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Georgia O'Keeffe

Georgia O’Keeffe

One of my favorite poets, Mary Oliver, died last week. I do not have the words to tell you how much her words meant to me, and so many lovely eulogies have been written already, I won’t try.

But the best eulogies were written in her own hand, or so it seems to me.

She did not shy from death. She studied it, stalked it, even taunted it at times. But mostly she used it as a spur to live more deeply in the moment, to become “a bride married to amazement,” a “bridegroom, taking the world” into her arms.

And finally she let it swoop down to wrap its white wings around her and carry her away to that river of light where she is “washed and washed.”

She lived her “one wild and precious life” with exquisite purpose, and I am certain beyond words her journey will not end.

The Summer Day

Who made the world?
Who made the swan, and the black bear?
Who made the grasshopper?
This grasshopper, I mean-
the one who has flung herself out of the grass,
the one who is eating sugar out of my hand,
who is moving her jaws back and forth instead of up and down-
who is gazing around with her enormous and complicated eyes.
Now she lifts her pale forearms and thoroughly washes her face.
Now she snaps her wings open, and floats away.
I don’t know exactly what a prayer is.
I do know how to pay attention, how to fall down
into the grass, how to kneel down in the grass,
how to be idle and blessed, how to stroll through the fields,
which is what I have been doing all day.
Tell me, what else should I have done?
Doesn’t everything die at last, and too soon?
Tell me, what is it you plan to do
with your one wild and precious life?

Poppies

The poppies send up their
orange flares; swaying
in the wind, their congregations
are a levitation

of bright dust, of thin
and lacy leaves.
There isn’t a place
in this world that doesn’t

sooner or later drown
in the indigos of darkness,
but now, for a while,
the roughage

shines like a miracle
as it floats above everything
with its yellow hair.
Of course nothing stops the cold,

black, curved blade
from hooking forward—
of course
loss is the great lesson.

But I also say this: that light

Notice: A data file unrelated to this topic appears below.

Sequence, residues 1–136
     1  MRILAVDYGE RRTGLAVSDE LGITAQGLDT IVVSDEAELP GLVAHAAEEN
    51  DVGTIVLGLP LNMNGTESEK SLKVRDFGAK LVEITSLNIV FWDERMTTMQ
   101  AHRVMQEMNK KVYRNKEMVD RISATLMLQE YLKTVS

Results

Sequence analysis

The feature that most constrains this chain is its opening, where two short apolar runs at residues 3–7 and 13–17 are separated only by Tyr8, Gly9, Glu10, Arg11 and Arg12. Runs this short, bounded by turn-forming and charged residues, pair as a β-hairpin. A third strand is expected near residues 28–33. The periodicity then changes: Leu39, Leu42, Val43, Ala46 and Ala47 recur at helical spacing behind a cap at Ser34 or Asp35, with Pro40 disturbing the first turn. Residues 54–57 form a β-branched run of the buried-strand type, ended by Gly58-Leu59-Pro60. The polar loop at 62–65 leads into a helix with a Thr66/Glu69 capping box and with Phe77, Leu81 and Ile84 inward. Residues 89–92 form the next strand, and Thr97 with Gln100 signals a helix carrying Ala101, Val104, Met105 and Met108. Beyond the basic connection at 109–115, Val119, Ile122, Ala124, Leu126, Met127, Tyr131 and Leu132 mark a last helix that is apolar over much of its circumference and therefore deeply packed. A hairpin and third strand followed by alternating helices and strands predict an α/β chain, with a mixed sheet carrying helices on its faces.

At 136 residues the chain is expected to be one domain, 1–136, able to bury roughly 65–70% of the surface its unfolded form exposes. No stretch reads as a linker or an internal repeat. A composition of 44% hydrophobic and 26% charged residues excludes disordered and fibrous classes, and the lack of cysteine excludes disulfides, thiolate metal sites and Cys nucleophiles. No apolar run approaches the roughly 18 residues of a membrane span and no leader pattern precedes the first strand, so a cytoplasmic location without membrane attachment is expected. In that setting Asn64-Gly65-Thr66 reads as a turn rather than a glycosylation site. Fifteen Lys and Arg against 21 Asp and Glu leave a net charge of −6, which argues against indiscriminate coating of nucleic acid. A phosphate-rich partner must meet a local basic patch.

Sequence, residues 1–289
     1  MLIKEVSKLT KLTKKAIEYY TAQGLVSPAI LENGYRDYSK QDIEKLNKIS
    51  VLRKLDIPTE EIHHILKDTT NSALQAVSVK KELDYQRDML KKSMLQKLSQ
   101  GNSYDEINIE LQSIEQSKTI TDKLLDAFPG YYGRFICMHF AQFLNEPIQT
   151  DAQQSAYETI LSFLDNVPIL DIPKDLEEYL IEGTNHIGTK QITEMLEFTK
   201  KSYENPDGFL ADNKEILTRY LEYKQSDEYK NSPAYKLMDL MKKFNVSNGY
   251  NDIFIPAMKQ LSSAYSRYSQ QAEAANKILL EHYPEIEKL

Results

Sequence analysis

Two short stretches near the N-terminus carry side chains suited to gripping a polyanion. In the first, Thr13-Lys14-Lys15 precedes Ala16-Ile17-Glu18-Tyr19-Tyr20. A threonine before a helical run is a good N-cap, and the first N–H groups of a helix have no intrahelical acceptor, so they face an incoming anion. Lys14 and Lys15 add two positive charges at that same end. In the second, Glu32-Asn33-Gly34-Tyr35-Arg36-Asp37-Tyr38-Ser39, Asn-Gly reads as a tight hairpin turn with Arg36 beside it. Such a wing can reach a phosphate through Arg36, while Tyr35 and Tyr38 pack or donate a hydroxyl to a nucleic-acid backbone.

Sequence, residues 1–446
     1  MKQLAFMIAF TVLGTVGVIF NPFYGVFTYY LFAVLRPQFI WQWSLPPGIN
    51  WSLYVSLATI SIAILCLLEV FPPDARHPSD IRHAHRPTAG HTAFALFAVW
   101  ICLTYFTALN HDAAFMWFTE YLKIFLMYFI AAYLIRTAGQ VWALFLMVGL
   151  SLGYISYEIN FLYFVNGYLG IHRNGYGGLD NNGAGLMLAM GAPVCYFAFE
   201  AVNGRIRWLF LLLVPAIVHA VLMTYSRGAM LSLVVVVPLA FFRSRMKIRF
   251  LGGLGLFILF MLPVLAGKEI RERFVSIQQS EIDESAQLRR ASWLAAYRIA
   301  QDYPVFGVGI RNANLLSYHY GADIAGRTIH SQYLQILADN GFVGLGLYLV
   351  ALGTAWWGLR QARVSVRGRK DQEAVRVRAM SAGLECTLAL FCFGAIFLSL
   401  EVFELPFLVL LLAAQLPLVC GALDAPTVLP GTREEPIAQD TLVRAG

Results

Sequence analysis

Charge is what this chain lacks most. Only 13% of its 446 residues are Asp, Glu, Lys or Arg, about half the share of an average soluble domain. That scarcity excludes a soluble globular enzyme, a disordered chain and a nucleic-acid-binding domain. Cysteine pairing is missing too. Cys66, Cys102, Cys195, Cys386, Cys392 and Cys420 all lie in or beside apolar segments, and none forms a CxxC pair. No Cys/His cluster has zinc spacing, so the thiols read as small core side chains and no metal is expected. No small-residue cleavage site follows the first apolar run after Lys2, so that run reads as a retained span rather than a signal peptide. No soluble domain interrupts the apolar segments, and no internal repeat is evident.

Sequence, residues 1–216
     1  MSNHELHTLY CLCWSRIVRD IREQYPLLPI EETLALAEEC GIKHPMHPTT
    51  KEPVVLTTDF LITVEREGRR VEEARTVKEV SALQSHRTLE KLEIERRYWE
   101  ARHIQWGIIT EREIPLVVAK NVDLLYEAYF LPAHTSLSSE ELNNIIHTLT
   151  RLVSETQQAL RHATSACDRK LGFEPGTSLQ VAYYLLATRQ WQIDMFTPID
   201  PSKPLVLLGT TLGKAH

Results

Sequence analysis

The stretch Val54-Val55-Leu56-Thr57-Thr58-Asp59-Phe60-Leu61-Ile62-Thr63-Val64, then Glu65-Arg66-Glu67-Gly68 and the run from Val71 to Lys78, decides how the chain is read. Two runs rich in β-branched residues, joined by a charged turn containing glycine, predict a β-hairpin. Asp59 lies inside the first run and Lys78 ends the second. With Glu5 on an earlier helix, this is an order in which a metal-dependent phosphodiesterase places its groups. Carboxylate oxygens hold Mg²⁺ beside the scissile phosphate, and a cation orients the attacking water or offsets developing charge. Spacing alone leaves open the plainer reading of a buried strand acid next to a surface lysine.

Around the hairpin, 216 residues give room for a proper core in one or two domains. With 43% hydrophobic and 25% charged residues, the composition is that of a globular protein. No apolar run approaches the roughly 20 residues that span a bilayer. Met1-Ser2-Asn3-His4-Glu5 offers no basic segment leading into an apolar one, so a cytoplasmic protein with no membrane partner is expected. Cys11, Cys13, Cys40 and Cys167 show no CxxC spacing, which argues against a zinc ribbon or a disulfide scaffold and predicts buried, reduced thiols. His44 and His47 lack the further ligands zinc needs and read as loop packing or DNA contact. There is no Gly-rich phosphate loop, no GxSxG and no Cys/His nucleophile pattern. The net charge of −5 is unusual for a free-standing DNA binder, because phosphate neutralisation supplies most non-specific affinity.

is an invitation
to happiness,
and that happiness,

when it’s done right,
is a kind of holiness,
palpable and redemptive.
Inside the bright fields,

touched by their rough and spongy gold,
I am washed and washed
in the river
of earthly delight—

and what are you going to do—
what can you do
about it—
deep, blue night?

When Death Comes

When death comes
like the hungry bear in autumn;
when death comes and takes all the bright coins from his purse

to buy me, and snaps the purse shut;
when death comes
like the measle-pox;

when death comes
like an iceberg between the shoulder blades,

I want to step through the door full of curiosity, wondering:
what is it going to be like, that cottage of darkness?

And therefore I look upon everything
as a brotherhood and a sisterhood,
and I look upon time as no more than an idea,
and I consider eternity as another possibility,

and I think of each life as a flower, as common
as a field daisy, and as singular,

and each name a comfortable music in the mouth,
tending, as all music does, toward silence,

and each body a lion of courage, and something
precious to the earth.

When it’s over, I want to say: all my life
I was a bride married to amazement.
I was the bridegroom, taking the world into my arms.

When it’s over, I don’t want to wonder
if I have made of my life something particular, and real.
I don’t want to find myself sighing and frightened,
or full of argument.

I don’t want to end up simply having visited this world.

White Owl Flies Into and Out of the Field

Coming down
out of the freezing sky
with its depths of light,
like an angel,
or a Buddha with wings,
it was beautiful,
and accurate,
striking the snow and whatever was there
with a force that left the imprint
of the tips of its wings—
five feet apart—
and the grabbing
thrust of its feet,
and the indentation of what had been running
through the white valleys of the snow—

and then it rose, gracefully,
and flew back to the frozen marshes
to lurk there,
like a little lighthouse,
in the blue shadows—
so I thought:
maybe death
isn’t darkness, after all,
but so much light
wrapping itself around us—
as soft as feathers—
that we are instantly weary
of looking, and looking,and shut our eyes,
not without amazement,
and let ourselves be carried,
as through the translucence of mica,
to the river
that is without the least dapple or shadow,
that is nothing but light—scalding, aortal light—
in which we are washed and washed
out of our bones.

 

 

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